Kaplan-Meier survival curves are displayed in Figure 4. The post-procedure AAD use to control recurrent VT (amiodarone and mexiletine in the majority of patients) was considerably decreased in Group 2. Of the 35 patients who were VA free in Group 2, 31 (88%) were off amiodarone and/or mexiletine compared with 8 (31%) of 26 VA-free patients off amiodarone and/or mexiletine in Group 1 (p < 0.001). Distribution of VA-free survival was identical across participating centers; no statistically significant trend in long-term success was observed (p = 0.157).
Of the 8 patients with VT recurrences in Group 2 (6 with ICD shock, 2 with ATP) at follow-up, 6 (75%, all those with ICD shock) underwent a repeat procedure. Of these patients, 1 patient had a VT recurrence from outside the scar area, 1 patient with a large inferior myocardial infarction required ablation in the right ventricle, 3 patients underwent epicardial homogenization not performed during the initial procedure, and only 1 patient required additional ablation along the endocardial scar that was previously ablated. Of the 23 patients with VT recurrences of Group 1, 19 (83%) underwent repeat ablation. All these patients were treated with a scar homogenization approach (5 [26%] with an endo-epicardial ablation).
Predictors of recurrence
As observed from the univariable analysis, ablation with homogenization of scar was a determinant of VA-free survival (HR: 0.44; 95% CI: 0.14 to 0.86, p = 0.014). No significant association was observed for other covariates tested in the univariable model; age (HR: 1.03; 95% CI: 0.92 to 1.07; p = 0.473), sex (HR: 1.44; 95% CI: 0.89 to 2.50, p = 0.204), LVEF (HR: 0.85; 95% CI: 0.39 to 1.85; p = 0.670), VT cycle length (>300) (HR: 1.53; 95% CI: 0.60 to 3.89; p = 0.308), scar size (HR: 1.15; 95% CI: 0.74 to 1.79; p = 0.527), and amiodarone use (HR: 1.01; 95% CI: 0.99 to 1.03; p = 0.487).
Multivariable analysis of recurrence-free survival was performed with the Cox proportional hazards model. Covariates with clinical importance were entered into the model irrespective of univariable association. After controlling for important covariates (age, sex, LVEF, VT cycle length, scar size), ablation with endo-epicardial homogenization of the scar was found to be associated with significantly lower risk for VT recurrence (HR: 0.46; 95% CI: 0.21 to 0.87; p = 0.025). Ablation with endo-epicardial homogenization had 62% decreased risk for VT recurrence compared with endocardial ablation alone (Fig. 4). Other baseline risk factors such as sex, age, LVEF, and VT cycle length did not show any significant influence on long-term outcome.
A second model was run by adding more covariates (amiodarone use, VT episodes [>2], and VT cycle length) to the first model. The results from this model were not different from those of the first one (i.e., homogenization of scar exhibited significant association with VA-free survival). On the other hand, including additional predictors did not add significant prediction power to the basic model, whereas it incurred the risk of overfitting and reduced generalizability.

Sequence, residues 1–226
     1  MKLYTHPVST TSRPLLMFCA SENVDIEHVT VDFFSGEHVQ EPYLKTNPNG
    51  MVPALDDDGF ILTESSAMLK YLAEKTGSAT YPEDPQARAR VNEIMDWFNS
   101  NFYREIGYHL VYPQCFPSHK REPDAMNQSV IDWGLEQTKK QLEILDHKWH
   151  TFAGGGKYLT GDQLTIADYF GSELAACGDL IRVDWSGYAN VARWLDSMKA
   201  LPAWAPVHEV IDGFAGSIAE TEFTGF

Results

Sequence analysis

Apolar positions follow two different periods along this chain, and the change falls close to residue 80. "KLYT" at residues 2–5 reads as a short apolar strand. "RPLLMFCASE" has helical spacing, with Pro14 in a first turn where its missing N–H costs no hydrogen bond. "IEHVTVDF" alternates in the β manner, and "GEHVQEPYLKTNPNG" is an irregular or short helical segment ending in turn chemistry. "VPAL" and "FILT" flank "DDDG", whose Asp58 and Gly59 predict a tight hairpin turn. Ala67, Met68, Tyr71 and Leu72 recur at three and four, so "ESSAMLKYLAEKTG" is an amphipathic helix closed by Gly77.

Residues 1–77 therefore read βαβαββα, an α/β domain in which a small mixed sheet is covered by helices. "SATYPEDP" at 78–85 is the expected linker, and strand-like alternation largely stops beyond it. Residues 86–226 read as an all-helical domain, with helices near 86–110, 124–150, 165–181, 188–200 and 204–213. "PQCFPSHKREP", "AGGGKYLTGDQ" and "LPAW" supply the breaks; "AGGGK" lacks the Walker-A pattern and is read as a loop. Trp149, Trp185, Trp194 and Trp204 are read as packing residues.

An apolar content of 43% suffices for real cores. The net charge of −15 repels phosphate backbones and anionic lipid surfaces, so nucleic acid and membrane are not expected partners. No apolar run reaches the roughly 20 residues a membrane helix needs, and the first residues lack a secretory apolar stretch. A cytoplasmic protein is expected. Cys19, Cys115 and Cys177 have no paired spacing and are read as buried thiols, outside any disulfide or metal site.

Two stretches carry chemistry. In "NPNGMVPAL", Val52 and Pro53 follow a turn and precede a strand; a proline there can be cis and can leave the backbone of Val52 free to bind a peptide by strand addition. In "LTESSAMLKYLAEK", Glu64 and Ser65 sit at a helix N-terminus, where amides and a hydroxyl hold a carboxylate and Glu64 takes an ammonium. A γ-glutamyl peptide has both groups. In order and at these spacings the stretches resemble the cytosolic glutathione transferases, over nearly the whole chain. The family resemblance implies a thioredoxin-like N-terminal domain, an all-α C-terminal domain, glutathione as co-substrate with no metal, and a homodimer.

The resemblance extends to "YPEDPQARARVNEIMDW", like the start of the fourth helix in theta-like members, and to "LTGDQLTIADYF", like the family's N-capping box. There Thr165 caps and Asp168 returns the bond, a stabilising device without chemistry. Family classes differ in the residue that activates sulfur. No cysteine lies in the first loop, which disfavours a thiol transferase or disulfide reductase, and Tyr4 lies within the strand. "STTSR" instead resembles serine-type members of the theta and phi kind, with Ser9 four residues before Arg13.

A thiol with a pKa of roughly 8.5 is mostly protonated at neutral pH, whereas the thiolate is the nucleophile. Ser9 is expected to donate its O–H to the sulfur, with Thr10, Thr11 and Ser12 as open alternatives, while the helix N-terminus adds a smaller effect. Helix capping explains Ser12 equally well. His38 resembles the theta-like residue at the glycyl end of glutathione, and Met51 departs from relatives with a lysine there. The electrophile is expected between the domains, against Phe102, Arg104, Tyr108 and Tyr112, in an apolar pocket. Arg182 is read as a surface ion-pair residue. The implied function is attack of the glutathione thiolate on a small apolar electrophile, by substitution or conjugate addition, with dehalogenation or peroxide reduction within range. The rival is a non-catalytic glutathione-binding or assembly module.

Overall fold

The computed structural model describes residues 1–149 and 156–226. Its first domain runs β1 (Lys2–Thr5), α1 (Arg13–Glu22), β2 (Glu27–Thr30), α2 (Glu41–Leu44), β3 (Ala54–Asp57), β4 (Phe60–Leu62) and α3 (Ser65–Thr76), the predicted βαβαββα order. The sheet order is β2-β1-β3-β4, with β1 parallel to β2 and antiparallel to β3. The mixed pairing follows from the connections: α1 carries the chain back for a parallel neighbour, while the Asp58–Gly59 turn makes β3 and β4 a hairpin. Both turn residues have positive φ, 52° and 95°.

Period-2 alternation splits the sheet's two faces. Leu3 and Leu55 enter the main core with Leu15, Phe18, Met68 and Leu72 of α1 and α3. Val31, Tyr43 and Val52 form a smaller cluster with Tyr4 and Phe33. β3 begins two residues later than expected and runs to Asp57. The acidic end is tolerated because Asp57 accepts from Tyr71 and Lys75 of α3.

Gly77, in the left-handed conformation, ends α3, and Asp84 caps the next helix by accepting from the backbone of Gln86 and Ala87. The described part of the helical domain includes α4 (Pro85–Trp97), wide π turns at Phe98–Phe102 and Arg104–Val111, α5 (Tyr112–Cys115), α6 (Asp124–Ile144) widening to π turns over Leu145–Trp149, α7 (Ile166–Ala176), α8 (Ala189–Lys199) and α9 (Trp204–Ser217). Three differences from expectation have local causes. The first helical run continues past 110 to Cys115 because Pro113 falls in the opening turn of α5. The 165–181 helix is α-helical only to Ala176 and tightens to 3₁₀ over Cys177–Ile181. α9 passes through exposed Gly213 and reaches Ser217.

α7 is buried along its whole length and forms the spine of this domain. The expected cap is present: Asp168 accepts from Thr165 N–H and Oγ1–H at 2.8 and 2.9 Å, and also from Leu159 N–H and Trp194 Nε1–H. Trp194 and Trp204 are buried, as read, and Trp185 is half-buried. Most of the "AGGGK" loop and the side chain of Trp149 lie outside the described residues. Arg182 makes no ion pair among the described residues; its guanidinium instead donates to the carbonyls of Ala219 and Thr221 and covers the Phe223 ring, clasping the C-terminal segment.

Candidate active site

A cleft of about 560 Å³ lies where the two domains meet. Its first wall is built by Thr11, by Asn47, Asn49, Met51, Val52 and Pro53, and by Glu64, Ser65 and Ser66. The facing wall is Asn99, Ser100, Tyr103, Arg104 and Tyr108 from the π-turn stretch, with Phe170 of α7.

This is the first study showing that extensive ablation within the scar area in patients with ischemic heart disease and ES increases the freedom from VAs at long-term follow-up. Moreover, in the multivariate analysis, the technique used for the ablation (homogenization of the scar) was the only predictor of a better outcome. These results are novel and suggest a new ablation approach for the treatment of ischemic patients with ES.
None of our patients undergoing ablation had an untreated reversible trigger favoring the VAs such as acute coronary ischemia, electrolyte abnormalities, or acute heart failure worsening. Therefore, it appears that in patients with stable ischemic heart disease and recurrent VAs, a larger area of tissue needs to be ablated to modify the substrate responsible for VAs.
Ischemic heart disease is the prevalent cardiac disease in Western countries and, if associated with myocardial infarction and low ejection fraction, exposes patients to a higher risk of VT and sudden cardiac death. Following the MADIT 2 (Multicenter Automatic Defibrillator Implantation Trial 2) study, international guidelines have suggested the implantation of ICDs in these patients (1,22). Despite the presence of the device, the presence of recurrent VTs and ES represents a marker for increased mortality (23).
AADs are often used but are frequently ineffective and laden with side effects (24). Catheter ablation of VAs in patients with ischemic cardiomyopathy and ES have shown moderate results at long-term follow-up, even after the introduction of open irrigated ablation (4,5,9,11,15,25).
Although better than medical therapy, the success rate of the ablation cannot be considered optimal. For these reasons, new technologies and new tools are under investigation to increase the success rate of catheter ablation (26,27).
Several studies have shown that catheter ablation has a better success rate at follow-up when compared with AADs for the treatment of VAs. The success rate ranges from 51% to 67% and increases in patients with acute efficacy after ablation (no further mappable VT) (14,28–30).
Specifically for patients with ES, recent studies have also shown the superiority of catheter ablation to conventional medical therapy (4), and catheter ablation in this setting may be life-saving. There is also evidence that VT ablation may offer significant benefit compared with standard medical therapy as a first-line therapy in patients with a single episode of VT who are undergoing secondary prevention ICD implantation (31,32).
Most studies have shown that the absence of any VTs at the inducibility test after ablation was associated with an increased success rate at follow-up when compared with series where the acute success was restricted to the noninducibility of the clinical VT (14,28–30).
Our study confirms these findings. However, noninducibility of VT(s) was achieved as an endpoint in both groups, and the different success rate at follow-up may only be explained by the different ablation strategy. We can speculate that the tissue edema created during ablation could render a reentrant circuit located in deeper layers or in the surrounding myocardium transiently inactive.